Passenger profiling is controversial but used in varying forms worldwide.
UK airports operator BAA says selection of those singled out for questioning is "completely random", but other countries use profiling to cope with sheer numbers.
Staff are trained to spot those fitting criminal profiles ranging from drug-runners and illegal immigrants to terrorists.
And travellers at an increasing number of airports are watched by staff who can recognise suspicious or anxious behaviour, like changes in mannerisms, sweating or changes in the pitch of voices.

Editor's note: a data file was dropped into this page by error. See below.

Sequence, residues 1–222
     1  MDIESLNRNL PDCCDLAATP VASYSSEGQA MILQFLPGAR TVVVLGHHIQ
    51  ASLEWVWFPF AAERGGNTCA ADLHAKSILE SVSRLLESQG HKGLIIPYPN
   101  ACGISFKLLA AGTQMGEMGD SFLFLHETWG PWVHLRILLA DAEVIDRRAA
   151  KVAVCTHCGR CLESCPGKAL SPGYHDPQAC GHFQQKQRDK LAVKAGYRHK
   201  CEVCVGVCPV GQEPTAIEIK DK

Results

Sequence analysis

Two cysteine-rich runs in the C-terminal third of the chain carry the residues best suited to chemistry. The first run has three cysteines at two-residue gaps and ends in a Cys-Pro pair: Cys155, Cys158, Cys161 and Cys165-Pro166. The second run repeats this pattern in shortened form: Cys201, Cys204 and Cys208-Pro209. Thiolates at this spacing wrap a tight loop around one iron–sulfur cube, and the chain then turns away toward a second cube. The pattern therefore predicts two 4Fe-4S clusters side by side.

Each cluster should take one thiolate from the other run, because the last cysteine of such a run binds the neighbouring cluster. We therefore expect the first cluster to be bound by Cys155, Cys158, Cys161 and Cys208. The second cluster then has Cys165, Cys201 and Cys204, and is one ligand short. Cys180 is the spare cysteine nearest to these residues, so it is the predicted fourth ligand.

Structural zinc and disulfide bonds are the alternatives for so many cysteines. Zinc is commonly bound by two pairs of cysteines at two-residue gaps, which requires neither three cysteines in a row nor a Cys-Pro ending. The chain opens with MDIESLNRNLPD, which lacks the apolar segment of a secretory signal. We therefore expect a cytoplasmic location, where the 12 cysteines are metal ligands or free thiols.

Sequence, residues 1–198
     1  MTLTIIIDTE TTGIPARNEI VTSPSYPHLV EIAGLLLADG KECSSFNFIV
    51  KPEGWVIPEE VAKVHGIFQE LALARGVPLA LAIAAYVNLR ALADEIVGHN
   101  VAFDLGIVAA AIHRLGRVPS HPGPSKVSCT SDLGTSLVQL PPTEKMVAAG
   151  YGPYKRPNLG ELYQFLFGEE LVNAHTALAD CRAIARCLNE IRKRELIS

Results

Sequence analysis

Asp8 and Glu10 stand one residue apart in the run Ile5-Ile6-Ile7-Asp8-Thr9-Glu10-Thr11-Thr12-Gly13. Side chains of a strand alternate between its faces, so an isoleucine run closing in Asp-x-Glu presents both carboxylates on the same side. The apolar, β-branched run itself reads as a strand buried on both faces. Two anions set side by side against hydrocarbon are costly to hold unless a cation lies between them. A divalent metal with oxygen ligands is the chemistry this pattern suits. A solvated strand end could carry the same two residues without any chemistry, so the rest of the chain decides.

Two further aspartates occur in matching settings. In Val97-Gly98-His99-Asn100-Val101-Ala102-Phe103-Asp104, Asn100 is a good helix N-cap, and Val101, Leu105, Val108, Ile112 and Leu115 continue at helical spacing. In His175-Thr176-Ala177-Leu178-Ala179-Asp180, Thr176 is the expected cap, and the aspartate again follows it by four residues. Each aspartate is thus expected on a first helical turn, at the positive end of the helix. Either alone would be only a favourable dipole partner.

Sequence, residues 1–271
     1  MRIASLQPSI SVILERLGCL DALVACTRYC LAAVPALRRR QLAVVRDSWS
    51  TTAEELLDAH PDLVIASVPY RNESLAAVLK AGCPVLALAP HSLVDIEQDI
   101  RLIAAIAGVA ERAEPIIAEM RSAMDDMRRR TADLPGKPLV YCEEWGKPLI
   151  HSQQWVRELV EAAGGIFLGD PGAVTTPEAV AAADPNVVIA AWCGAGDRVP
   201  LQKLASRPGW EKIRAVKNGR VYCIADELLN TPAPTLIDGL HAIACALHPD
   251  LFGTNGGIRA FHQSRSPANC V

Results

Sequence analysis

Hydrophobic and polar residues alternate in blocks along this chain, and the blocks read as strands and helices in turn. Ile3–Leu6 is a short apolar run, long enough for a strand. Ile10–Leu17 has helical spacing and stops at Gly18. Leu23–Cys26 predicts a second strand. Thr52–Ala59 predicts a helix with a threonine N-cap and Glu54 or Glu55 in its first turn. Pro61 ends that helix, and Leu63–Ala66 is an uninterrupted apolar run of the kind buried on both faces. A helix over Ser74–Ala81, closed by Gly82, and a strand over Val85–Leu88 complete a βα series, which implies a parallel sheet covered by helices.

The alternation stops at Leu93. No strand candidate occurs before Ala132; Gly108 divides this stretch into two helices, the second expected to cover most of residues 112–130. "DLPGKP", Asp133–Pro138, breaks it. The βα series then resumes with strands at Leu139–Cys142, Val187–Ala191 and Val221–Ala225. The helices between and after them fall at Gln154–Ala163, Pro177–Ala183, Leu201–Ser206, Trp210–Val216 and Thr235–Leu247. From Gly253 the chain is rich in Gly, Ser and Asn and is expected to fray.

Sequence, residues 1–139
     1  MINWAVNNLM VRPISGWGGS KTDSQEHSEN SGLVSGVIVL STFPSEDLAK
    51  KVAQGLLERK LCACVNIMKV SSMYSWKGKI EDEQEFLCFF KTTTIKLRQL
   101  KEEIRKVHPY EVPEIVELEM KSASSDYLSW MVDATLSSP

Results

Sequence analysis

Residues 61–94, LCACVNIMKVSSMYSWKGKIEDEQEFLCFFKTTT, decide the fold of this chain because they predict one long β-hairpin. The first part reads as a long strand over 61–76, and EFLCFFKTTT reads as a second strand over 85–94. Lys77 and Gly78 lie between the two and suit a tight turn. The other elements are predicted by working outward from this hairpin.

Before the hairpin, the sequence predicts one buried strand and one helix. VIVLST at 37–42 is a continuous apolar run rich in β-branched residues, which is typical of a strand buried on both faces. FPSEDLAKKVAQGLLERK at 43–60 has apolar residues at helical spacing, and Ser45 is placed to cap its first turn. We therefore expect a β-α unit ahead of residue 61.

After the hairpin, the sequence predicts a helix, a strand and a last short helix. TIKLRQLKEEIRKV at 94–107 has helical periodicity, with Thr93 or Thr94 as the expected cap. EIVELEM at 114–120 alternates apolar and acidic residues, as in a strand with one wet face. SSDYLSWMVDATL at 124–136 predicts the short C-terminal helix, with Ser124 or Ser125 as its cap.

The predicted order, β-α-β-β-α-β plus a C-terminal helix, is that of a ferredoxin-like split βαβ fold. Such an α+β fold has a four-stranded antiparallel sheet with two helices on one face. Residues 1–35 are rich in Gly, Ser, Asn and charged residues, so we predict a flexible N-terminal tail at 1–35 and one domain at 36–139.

The new techniques, trialled in the US since September 11, run alongside established checks that flag up those on passenger "watch lists".
Time magazine reported the Spot programme - or Screening Passengers by Observation Techniques - had been a success in a three-year trial at some of the US' busiest airports.
Spot does not use racial or ethnic factors, unlike Israeli airline El Al which has a policy of singling out young Arabs. The airline is quick to point out it has not had a hijacking in 30 years.
Human rights groups have criticised methods using gender, age, ethnicity and appearance.
But Sir Rod Eddington, former head of BA, has argued for profiling, asking whether it is logical for a grandmother to face the same scrutiny as a 25-year-old male.